Simers claims he was discriminated against because of his age, his physical disability and because he was critical of McCourt
Sports columnist T.J. Simers sued former employer the Los Angeles Times on Tuesday for wrongful termination and age discrimination, also naming former Dodgers owner Frank McCourt, whom he accused of interfering with his job status.
Simers, who now works at the O.C. Register, disappeared from LAT’s pages over the summer. In his first column for the Register, Simers accused LAT’s publisher of ordering employees to refrain from criticizing his friends — namely, McCourt.
Now, Simers’ allegations are far more serious.
Simers, 63, worked for LAT for 23 years. In March, Simers claimed, he was diagnosed with “complex migraine syndrome.” Two months later, he was chastised for a “public behavior problem,” his columns were reduced and LAT’s managing editor, Marc Duvoisin, told him to take a medical leave.
His last column was published on June 3. By August, Simers was given a “final warning” for various ethical violations, despite having no prior knowledge that any of his actions were against LAT’s ethics policy and the fact that, Simers said, “at all times, plaintiff performed his job duties in an exemplary manner and earned awards and accolades for his work as a columnist.”
When Simers inquired about the status of his employment, he said, he was offered a one-year contract that could be terminated at any time for any reason. Simers instead went to the Register. His rocky relationship with LAT at the end of his tenure, he said, was because of discrimination by the paper against his health problems and age.
McCourt, Simers says, “intiated orders to stop negative press to be written about him through his relationship with Times publisher, Eddie Hartenstein.”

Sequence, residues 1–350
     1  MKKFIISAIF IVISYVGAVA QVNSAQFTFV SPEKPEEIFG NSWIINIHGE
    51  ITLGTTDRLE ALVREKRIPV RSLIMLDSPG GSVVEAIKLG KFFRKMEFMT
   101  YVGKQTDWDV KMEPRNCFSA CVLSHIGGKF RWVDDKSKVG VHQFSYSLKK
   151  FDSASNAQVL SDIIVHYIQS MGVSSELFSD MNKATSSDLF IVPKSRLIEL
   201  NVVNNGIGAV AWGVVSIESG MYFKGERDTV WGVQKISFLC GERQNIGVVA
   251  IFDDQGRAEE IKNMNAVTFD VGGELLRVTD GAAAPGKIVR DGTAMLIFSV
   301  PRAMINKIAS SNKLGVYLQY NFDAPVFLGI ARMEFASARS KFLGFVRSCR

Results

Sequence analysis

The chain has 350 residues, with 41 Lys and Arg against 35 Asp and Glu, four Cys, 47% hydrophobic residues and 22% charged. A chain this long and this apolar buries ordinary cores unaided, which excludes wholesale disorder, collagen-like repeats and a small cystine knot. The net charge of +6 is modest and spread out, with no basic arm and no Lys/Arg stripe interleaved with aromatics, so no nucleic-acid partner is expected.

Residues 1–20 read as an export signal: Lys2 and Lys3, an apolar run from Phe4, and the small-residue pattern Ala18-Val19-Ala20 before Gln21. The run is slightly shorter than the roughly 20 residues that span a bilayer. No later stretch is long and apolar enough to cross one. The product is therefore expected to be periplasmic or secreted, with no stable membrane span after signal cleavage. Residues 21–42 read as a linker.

In 2011, for instance, Simers said he was told not to write about the Mattel Children’s Charity because Dodgers players were donating to it instead of McCourt’s charity, “Think Cure.”
In addition, the suit said, “plaintiff and three of his colleagues were told to not to write anything negative about defendant Frank McCourt. Defendants implied that employees’ jobs would be in jeopardy if they wrote any negative information concerning defendant McCourt. Plaintiff was told to ‘go easy’ and ‘don’t be tough’ when writing about defendant McCourt in plaintiff’s columns.”
McCourt wasn’t the only person who had influence over LAT’s articles, Simers said. In May, “defendant Duvoisin expressed serious concerns and criticism to Simers about plaintiff’s column written about the owner of the Anaheim Angels’ owner, [Arte] Moreno, two weeks earlier. The Anaheim Angels advertises on the Times’s website.”
The suit added: “Plaintiff believes that his employment was heavily influenced and impacted by outside parties within the Anaheim Angels organization.”
The Times declined to comment to TheWrap, but in a story about the suit published by the Times, spokeswoman Nancy Sullivan said: “We wished T.J. Simers well when he left the L.A. Times to write for the O.C. Register and continue to do so. But, the claims in his lawsuit are without merit. As this is now an ongoing litigation, we will defer further comment.”
Simers is asking for unspecified damages of at least $25,000.
Pamela Chelin contributed to this report.
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